Since its foundation, GIFCT companies have contributed over 300,000 unique hashes, or digital fingerprints, of known terrorist images and video propaganda to our shared industry database, so member companies can quickly identify and take action on potential terrorist content on their respective platforms. We have made progress in large part by working together as a collective of technology companies, but we have also partnered with experts in government, civil society and academia who share our goal. For example, by working with Tech Against Terrorism, a UN Counter-Terrorism Committee Executive Directorate-mandated NGO, GIFCT has brought over 140 tech companies, 40 NGOs and 15 government bodies together in workshops across the world to date. In 2019, we held four workshops—in the US, Jordan, India and the UK—to discuss and study the latest trends in terrorist and violent extremist activity online.

Working with experts and collaborating in a multi-sector environment in India has been significant to GIFCT’s progress. In November 2019, GIFCT held its first workshop in India. The event brought together 85 leading experts across India, Afghanistan, Sri Lanka and Bangladesh focussed on counterterrorism, counter-extremism, and localised resiliency work. Recognising the importance of enabling research on terrorism issues in the South Asian region, the Observer Research Foundation was invited to participate in the GIFCT’s Global Research Network on Terrorism and Technology in 2019 and continues as a member of the Global Network on Extremism and Technology. ORF’s paper for GIFCT examines what government and social media companies can do in the context of Jammu and Kashmir and the nexus between technology and terrorism.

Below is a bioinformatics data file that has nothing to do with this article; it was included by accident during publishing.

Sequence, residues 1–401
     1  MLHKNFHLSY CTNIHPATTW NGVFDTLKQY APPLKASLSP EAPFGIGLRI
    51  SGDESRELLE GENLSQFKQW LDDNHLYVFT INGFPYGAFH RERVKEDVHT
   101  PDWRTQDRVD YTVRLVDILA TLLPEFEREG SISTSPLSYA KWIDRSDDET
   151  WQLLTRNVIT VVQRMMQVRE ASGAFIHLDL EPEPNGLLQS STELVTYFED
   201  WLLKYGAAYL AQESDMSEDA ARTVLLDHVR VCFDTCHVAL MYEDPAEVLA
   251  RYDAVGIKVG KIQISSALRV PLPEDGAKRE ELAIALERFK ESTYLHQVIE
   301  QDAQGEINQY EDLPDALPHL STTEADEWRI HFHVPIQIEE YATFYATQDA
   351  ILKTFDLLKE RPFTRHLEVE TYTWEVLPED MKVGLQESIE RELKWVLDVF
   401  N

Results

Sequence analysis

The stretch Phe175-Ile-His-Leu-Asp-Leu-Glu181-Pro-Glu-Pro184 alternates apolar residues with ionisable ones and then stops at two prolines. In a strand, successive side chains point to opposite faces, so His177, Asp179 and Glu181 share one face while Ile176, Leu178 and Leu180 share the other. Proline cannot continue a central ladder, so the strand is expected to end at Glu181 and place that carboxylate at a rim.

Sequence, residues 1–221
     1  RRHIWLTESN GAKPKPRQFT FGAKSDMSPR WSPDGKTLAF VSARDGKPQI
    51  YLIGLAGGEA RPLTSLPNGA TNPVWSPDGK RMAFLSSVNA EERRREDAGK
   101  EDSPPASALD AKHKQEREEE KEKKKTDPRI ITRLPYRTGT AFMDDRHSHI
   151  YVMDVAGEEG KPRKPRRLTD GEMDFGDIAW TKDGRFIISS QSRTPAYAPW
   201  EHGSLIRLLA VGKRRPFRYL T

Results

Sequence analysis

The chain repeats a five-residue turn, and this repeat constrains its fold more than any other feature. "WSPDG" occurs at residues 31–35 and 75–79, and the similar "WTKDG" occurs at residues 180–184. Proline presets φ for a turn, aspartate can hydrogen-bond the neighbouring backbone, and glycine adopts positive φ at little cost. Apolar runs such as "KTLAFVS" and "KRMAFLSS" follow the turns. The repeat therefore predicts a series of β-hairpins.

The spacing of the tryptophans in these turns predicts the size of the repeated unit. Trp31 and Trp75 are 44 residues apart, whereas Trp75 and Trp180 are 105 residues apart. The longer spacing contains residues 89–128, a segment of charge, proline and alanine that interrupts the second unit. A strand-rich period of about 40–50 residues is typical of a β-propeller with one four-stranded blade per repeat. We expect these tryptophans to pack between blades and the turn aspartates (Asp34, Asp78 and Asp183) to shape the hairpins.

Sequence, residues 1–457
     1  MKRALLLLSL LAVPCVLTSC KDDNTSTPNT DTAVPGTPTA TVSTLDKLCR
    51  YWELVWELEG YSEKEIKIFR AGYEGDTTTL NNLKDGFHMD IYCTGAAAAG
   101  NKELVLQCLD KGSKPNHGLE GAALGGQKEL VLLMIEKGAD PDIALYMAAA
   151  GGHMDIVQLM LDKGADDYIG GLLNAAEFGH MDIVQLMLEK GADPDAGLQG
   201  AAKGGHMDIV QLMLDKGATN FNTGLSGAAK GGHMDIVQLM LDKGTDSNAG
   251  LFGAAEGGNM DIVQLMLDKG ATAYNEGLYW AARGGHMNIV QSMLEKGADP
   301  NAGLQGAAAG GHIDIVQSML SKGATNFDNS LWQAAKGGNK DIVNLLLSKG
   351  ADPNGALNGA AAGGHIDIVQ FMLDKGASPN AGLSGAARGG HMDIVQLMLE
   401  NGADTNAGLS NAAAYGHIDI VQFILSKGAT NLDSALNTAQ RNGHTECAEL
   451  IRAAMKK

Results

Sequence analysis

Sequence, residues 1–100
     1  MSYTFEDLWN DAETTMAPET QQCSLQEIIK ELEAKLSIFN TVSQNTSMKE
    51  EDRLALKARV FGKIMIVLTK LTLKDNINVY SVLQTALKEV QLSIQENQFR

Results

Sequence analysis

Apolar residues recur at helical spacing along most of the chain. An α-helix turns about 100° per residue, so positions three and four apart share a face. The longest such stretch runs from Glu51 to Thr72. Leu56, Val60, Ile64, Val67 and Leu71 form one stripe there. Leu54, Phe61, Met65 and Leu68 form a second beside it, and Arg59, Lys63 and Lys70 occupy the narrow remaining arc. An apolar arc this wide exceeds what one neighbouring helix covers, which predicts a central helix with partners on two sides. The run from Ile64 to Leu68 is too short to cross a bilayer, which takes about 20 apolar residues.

GIFCT has also grown to respond to real world threats that have online impact. The abuse of social media to glorify the horrific terrorist attack on 15 March 2019 in Christchurch, New Zealand, demonstrated the need for greater collaboration to respond to mass violence to curb the spread of violent extremist content. In May 2019, Facebook and founding GIFCT companies signed the Christchurch Call to Action, whereby GIFCT has worked to implement a nine-point plan to prevent terrorist exploitation of the internet while respecting human rights and freedom of speech. As part of this plan, GIFCT developed the Content Incident Protocol to respond to emerging and active terrorist or violent extremist events, and assess for any potential online content produced and disseminated by those responsible for or aiding in the attack. Since the attack in Christchurch, GIFCT member companies have developed, refined and tested the protocol through workshops with Europol and the New Zealand government.

Given its expanding capacities, it was announced at the UN General Assembly 23 September 2019 that GIFCT will transform into an independent NGO. In June, the first executive director of the NGO—Nicholas J. Rasmussen,  former director of the US’s National Counterterrorism Center—was announced, along with a multi-sector, international, Independent Advisory Committee (IAC). Meanwhile, the IAC will serve as a governing body tasked with counselling on GIFCT priorities, assessing performance and providing strategic expertise. The IAC is made up of representatives from seven governments, two international organisations, and 12 members of civil society, including counter terrorism- and countering violent extremism experts; digital, free expression and human rights advocates; academics and others.


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Counterspeech